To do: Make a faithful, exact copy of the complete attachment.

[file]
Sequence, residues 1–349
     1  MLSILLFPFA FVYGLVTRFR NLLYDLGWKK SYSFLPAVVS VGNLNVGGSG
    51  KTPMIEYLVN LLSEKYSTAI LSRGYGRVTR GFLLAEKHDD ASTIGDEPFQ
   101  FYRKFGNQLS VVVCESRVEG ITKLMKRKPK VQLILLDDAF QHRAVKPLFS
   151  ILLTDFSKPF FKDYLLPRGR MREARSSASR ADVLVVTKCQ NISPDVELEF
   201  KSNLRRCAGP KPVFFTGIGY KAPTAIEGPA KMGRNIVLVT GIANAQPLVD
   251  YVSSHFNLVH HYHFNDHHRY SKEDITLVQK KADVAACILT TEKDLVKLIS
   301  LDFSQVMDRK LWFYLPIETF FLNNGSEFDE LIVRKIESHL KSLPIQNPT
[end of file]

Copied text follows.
Sequence, residues 1–349
     1  MLSILLFPFA FVYGLVTRFR NLLYDLGWKK SYSFLPAVVS VGNLNVGGSG
    51  KTPMIEYLVN LLSEKYSTAI LSRGYGRVTR GFLLAEKHDD ASTIGDEPFQ
   101  FYRKFGNQLS VVVCESRVEG ITKLMKRKPK VQLILLDDAF QHRAVKPLFS
   151  ILLTDFSKPF FKDYLLPRGR MREARSSASR ADVLVVTKCQ NISPDVELEF
   201  KSNLRRCAGP KPVFFTGIGY KAPTAIEGPA KMGRNIVLVT GIANAQPLVD
   251  YVSSHFNLVH HYHFNDHHRY SKEDITLVQK KADVAACILT TEKDLVKLIS
   301  LDFSQVMDRK LWFYLPIETF FLNNGSEFDE LIVRKIESHL KSLPIQNPT